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THE NEED FOR SPEED IN SOCCER
By Neil Travers
Soccer players are athletes, but unlike a 100m runner where there is explosive speed for 10 seconds in a straight line, there are many other abilities that soccer players need to develop. Here are 5 key soccer related speed abilities that you should develop in your players.
#1 - Speed of thought
Soccer players have a great deal to concentrate on. There senses are constantly being blitzed with information, which they need to quickly decipher. Here are some examples:
- Where opponents are positioned
- Actions of their team mates
- What's infront of them and their peripheral vision
- The conditions of the pitch and the weather
- The noise from team mates, crowd, coaches and opponents
- Their tactical position and the strategy of the team
#2 - Speed of anticipation
Some players have a great reading of the game. I have a friend who although he is now in his late 40's early 50's still plays regularly and competes well with players half his age! How does he do this... because he's played soccer all his life at professional and international level he has built a huge database in his brain of playing situations, player characteristics, tactical situations etc. and he is able to draw on this which gives him superb speed of anticipation.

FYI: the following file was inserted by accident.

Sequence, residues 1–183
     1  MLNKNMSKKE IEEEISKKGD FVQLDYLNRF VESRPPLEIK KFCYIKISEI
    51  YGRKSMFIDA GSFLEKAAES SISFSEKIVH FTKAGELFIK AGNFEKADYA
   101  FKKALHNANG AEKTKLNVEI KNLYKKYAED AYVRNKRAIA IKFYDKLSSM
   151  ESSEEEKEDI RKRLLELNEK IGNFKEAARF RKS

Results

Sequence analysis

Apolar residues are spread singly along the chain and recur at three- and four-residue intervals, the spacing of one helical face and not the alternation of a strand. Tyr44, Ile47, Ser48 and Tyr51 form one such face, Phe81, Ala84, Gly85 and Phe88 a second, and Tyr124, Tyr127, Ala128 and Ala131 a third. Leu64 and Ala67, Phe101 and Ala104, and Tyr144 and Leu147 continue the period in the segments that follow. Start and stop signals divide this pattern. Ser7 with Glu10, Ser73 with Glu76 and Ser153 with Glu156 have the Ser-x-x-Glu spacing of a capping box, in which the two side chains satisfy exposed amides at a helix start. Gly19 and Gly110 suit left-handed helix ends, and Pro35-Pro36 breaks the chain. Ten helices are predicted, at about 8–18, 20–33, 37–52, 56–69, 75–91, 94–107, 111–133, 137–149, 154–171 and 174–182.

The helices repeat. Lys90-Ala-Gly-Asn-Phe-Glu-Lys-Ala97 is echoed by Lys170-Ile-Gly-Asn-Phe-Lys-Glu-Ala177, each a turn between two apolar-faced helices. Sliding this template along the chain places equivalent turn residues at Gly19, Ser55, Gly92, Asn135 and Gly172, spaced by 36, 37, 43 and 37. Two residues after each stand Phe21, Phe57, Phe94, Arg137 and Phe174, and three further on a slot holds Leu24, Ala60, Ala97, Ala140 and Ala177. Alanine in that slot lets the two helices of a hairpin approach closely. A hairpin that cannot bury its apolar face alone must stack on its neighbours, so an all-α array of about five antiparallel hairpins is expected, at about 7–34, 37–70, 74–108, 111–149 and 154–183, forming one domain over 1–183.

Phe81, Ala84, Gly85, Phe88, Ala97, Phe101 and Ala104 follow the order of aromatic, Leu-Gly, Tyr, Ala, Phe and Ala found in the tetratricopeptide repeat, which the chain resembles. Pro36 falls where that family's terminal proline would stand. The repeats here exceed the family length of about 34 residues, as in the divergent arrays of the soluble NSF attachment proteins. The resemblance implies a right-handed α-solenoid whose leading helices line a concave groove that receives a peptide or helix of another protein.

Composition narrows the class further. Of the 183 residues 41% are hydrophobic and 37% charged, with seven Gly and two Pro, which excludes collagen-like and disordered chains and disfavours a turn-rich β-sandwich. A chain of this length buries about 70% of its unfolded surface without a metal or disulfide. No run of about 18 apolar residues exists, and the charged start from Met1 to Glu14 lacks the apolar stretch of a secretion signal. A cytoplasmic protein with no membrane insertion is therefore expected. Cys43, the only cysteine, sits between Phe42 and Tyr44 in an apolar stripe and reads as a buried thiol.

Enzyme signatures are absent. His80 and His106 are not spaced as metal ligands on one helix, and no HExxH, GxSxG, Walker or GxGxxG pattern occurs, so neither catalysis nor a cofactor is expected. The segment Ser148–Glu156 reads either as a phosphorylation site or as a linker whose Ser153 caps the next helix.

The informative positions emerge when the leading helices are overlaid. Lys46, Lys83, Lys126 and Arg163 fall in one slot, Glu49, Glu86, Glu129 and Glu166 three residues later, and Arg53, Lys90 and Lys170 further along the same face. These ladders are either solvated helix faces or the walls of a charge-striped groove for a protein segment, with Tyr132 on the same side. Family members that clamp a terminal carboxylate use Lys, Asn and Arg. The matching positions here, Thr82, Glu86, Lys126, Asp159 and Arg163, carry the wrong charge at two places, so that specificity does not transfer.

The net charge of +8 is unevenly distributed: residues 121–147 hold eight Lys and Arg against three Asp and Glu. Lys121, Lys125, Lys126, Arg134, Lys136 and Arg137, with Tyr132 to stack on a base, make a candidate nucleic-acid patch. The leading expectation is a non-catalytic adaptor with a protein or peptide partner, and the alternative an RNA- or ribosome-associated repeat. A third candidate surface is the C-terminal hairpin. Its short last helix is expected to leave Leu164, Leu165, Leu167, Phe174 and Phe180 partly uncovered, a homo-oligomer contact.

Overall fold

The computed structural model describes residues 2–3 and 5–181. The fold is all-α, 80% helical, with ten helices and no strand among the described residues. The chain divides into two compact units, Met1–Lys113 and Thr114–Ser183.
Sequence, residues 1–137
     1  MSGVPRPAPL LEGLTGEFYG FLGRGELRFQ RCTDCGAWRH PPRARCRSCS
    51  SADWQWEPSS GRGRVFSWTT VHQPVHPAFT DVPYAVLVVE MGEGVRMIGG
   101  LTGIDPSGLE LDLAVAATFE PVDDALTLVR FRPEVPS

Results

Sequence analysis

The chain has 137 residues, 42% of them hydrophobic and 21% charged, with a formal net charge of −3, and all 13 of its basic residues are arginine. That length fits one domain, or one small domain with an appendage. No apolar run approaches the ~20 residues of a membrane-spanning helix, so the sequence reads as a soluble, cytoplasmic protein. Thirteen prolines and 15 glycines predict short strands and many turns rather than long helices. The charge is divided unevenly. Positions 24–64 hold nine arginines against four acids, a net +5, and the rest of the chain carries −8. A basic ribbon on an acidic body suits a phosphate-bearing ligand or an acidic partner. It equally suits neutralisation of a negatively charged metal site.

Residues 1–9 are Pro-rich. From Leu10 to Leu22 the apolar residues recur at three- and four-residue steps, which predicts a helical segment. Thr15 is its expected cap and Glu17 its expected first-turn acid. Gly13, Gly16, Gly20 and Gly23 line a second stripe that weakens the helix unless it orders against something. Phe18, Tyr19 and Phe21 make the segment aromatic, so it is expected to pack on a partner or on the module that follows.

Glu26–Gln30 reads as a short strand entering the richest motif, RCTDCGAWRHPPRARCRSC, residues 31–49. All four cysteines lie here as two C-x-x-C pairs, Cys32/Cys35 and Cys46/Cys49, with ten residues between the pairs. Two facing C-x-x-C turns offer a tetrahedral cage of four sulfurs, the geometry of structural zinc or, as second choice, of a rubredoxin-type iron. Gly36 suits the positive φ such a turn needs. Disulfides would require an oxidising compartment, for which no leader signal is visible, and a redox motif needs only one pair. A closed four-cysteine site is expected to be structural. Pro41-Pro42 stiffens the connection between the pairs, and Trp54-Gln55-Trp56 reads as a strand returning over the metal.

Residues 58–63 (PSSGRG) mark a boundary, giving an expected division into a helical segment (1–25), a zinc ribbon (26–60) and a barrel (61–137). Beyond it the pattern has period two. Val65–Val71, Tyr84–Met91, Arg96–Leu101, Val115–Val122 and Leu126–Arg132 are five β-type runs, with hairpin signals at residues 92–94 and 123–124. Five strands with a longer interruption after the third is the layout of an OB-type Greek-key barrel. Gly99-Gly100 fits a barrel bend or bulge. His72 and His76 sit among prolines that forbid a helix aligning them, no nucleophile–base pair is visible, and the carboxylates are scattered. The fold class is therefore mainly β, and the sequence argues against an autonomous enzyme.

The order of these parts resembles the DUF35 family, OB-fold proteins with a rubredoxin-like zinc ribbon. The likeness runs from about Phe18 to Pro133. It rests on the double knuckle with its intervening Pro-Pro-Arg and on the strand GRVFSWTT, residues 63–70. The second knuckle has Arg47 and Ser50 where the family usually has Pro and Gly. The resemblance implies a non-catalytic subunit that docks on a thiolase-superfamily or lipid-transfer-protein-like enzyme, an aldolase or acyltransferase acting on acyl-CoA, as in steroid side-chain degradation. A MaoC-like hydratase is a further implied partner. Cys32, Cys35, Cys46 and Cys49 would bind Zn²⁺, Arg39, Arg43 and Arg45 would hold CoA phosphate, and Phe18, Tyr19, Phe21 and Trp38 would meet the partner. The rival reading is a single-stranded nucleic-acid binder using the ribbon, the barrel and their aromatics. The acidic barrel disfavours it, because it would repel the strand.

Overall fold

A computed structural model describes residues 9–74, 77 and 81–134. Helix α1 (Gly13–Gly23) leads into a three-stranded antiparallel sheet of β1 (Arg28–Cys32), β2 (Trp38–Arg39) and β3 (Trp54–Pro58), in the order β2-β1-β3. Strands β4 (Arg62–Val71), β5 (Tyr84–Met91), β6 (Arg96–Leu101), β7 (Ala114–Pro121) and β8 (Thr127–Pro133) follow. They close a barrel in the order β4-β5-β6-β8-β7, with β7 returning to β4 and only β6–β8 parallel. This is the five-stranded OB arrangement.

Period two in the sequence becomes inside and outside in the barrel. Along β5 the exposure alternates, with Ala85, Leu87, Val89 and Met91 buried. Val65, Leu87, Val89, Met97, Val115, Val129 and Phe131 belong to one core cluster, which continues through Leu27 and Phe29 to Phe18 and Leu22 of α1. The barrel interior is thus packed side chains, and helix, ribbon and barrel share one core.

Sure for explosiveness and reaction times the younger players would win every time, but as the old saying goes..."the first couple of yards are in the head!". So here it is important that players develop a knack of interpreting the actions of the opponents and what that means to the games development.
#3 - Speed of reaction
As mentioned in the last bullet, speed of reaction is vital. Anticipation is one thing, being able to react quickly is another. Consider the role of the goal keeper, their reaction time to a sudden shot, deflection, switch in angle of attack, flight of the ball must be very acute. But how does a goal keeper react and what to? In this instance, the goal keeper will react to a number of external stimuli, here's a list:
- The visual element of the opponent with the ball, are they carrying it, have they got backlift as if ready to strike the ball, is the opponent in space and is their a clear line of sight on goal.
- The auditory element, do they hear the strike of the ball, is it fizzing, does it take a deflection of a player (thud), a shout from a team mate, maybe a close opponent barracking the goalie " he's going to shoot!"